Another casualty of war in Syria—citizen journalists
While several organizations have long tracked the risks faced by professional journalists working in harm’s way, until recently, less attention has been paid to the occupational hazards faced by “citizen journalists” and “netizens.” These newer members of the media document some of the most dangerous conflicts, sometimes in places that are off-limits to professional journalists. New figures show that the war in Syria, in particular, has taken a heavy toll among them.
After the onset of the Arab Spring in late 2010, Reporters sans frontieres (Reporters Without Borders/RSF)—one of the principal organizations that monitors attacks on freedom of information worldwide— began tracking this new category of journalists. RSF defined citizen-journalists as those who have had no professional media training, did not work in journalism before and who only started working to document a conflict once it began. They may be working freelance to sell their pictures and stories, or they may have set up an affiliation with a local media center.
Netizens share a similar background to citizen-journalists, but they focus on the use of internet tools to disseminate their work. While RSF states that many of the citizen journalists and netizens in Syria may be sympathetic to the forces trying to overthrow the government of President Bashar al-Assad, the organization says they are not combatants in the conflict.
Since RSF began reporting the deaths of citizen-journalists and netizens in 2011, there have been 68 lives lost worldwide. Nearly all of these deaths—65—have been in Syria: four in 2011, 46 in 2012 and 15 (thus far) in 2013. Put another way, citizen-journalists and netizens have accounted for over 70% of all of the Syrian media-related deaths, according to RSF numbers.
Aside from the citizen journalist casualties, the dangers faced by professional journalists also continue, most recently after the explosion of deadly violence in Egypt. On August 14, The Committee to Protect Journalists (CPJ) reported a grim statistic: The death in Cairo of Sky News cameraman Mick Deane brought the worldwide total of journalists, professional and non-professional, who have been killed in the line of duty in the past 21 years to 1000. According to CPJ, a total of nine journalists have lost their lives in Egypt since that organization first began tracking deaths in 1992.
But as is the case with citizen journalists, it is in neighboring Syria where professional journalists report under conditions that pose greater risks than in any other country in the world. Although CPJ and RSF differ slightly in their methodologies, they are in agreement that Syria has become the most lethal country in the world for the media. Of the total of 108 deaths worldwide confirmed by CPJ since the beginning of 2012, 50 were in Syria. Of the 119 deaths confirmed by RSF for that same time period, 24 were in Syria.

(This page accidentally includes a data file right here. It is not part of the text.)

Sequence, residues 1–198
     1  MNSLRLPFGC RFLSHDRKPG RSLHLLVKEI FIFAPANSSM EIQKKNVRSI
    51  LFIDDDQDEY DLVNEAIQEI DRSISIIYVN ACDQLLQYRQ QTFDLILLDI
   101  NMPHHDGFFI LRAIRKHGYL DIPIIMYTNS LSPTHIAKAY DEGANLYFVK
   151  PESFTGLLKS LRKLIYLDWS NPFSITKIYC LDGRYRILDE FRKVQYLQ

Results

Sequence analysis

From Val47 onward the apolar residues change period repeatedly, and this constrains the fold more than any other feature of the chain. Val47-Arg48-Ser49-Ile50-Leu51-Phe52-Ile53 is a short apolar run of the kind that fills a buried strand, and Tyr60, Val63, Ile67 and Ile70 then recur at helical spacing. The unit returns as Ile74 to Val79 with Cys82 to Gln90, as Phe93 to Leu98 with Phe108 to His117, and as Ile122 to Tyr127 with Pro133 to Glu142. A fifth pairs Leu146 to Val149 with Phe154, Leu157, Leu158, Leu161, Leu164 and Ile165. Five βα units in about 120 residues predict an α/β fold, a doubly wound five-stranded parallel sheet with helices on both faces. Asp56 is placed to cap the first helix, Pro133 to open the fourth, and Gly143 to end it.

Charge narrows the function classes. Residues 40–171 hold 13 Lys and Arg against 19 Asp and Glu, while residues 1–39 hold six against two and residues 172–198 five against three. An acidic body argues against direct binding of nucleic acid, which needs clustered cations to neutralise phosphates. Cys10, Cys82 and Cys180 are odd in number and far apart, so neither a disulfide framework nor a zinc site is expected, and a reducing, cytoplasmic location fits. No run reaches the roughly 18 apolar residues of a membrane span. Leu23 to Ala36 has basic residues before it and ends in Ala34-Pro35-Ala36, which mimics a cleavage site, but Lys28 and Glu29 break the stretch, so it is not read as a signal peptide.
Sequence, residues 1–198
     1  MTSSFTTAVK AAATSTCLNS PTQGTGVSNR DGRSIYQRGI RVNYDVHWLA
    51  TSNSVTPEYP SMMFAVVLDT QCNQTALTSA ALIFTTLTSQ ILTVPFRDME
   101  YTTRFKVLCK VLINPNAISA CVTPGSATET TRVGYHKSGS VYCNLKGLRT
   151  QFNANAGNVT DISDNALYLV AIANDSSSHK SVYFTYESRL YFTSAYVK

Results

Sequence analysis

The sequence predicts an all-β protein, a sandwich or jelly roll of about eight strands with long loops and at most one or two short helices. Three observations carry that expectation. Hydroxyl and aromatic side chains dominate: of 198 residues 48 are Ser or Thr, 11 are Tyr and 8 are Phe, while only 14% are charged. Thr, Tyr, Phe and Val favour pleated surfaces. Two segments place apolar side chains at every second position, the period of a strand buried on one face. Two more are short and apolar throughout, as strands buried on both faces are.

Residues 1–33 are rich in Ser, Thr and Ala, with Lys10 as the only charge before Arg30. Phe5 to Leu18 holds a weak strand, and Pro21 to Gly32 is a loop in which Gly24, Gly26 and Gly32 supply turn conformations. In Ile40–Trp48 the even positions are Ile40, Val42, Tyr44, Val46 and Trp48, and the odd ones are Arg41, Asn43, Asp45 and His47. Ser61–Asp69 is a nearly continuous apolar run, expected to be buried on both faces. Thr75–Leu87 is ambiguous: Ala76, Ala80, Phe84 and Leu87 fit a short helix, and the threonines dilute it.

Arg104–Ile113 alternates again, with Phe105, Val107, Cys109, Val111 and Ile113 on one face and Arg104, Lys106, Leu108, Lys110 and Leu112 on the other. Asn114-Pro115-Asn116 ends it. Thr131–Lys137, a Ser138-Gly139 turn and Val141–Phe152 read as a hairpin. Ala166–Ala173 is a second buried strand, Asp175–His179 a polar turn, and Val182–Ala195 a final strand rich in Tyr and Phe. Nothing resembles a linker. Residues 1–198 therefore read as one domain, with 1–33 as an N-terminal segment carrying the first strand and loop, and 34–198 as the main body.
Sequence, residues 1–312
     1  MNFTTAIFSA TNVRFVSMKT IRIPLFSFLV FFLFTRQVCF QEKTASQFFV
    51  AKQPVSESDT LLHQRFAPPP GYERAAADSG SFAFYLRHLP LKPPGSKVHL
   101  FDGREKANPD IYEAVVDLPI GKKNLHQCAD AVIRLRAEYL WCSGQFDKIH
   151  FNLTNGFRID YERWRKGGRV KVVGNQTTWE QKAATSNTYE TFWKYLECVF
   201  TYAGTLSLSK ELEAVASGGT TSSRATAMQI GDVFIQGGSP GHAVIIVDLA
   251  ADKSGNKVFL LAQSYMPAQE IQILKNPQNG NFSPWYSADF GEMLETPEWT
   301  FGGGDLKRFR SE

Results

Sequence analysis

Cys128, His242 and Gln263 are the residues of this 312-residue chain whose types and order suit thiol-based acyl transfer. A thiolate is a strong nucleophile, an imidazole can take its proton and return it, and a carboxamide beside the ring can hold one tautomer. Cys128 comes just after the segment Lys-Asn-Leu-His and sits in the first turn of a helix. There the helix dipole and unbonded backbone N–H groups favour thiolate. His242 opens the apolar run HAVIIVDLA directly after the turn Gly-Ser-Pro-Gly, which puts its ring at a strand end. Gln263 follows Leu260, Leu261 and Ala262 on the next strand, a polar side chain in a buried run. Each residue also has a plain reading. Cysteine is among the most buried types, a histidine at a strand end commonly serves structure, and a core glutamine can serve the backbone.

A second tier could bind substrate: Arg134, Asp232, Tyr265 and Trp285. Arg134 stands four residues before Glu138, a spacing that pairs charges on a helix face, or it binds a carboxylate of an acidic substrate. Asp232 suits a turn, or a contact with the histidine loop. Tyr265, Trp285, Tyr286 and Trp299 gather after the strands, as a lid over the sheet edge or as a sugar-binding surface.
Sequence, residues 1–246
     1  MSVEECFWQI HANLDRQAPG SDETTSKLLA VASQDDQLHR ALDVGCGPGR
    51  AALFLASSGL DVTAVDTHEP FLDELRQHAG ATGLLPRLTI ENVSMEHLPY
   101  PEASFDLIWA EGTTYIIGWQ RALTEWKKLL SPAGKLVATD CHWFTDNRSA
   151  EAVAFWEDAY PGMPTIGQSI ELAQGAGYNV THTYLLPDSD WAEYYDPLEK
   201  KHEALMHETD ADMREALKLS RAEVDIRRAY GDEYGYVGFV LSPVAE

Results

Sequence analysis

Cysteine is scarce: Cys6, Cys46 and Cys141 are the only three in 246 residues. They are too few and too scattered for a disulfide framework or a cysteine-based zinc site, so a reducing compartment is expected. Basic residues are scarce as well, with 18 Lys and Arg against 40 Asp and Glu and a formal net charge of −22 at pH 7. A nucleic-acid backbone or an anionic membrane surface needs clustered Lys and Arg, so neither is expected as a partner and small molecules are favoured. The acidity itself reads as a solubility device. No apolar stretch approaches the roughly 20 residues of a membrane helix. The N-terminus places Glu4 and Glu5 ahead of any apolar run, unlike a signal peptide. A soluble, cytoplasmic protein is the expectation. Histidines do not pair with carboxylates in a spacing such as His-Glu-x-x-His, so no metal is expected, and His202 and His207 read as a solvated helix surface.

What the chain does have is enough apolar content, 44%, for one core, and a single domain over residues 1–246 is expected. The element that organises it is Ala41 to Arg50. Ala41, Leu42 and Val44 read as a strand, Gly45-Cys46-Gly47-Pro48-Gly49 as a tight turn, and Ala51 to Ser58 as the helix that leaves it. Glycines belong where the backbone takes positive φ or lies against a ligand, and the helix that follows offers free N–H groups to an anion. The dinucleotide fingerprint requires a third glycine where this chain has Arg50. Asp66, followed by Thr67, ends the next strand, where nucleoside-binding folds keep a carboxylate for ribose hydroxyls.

Since the beginning of the uprising in March 2011, Syria—never a friendly environment for reporters—has become even more inhospitable. The government has placed increasingly stringent restrictions on independent media and has effectively banned entry to almost all international press.
In addition to implementing these formal restrictions on freedom of the press, CPJ has reported that the government has frequently moved in many other ways to silence journalists—disabling mobile phones and the internet, hacking websites and instigating malware attacks. Amnesty International recently published a report documenting how both media professionals and citizen journalists have been targeted for killing, torture, abduction and intimidation—first by the Assad government but more recently by opposition forces as well.
These constantly changing on-the-ground realities—coupled with smartphones, satellite phones, communication technologies such as Skype, and social media platforms like Twitter, Facebook and YouTube—are producing a new kind of reporting about the Syrian conflict that demonstrates the impact of citizen journalists and netizens.
Dozens of international media outlets now rely on or supplement their reporting with information and video footage provided by citizen journalists. Soazig Dollet, who works on the Middle East and North Africa desk of RSF, explained both the significance and the shortcomings of this new breed of journalist in a country like Syria:
“The conflict is evolving every day…in order to cover the conflict, there is no other choice than citizen-journalists to get the images out. But that does not mean the conflict is properly covered: both, the authorities and armed opposition groups, are spreading disinformation. And despite the emergence of citizen media—usually pro-revolution—there are very few independent observers, and a very limited number of foreign correspondents.”
Note: The fifth paragraph of this post was modified on Aug. 29, 2013 to reflect that fact that CPJ’s count of journalists includes both professionals and freelancers. Some of those freelancers are citizen journalists.
Nancy Vogt is a research analyst focusing on journalism research at Pew Research Center.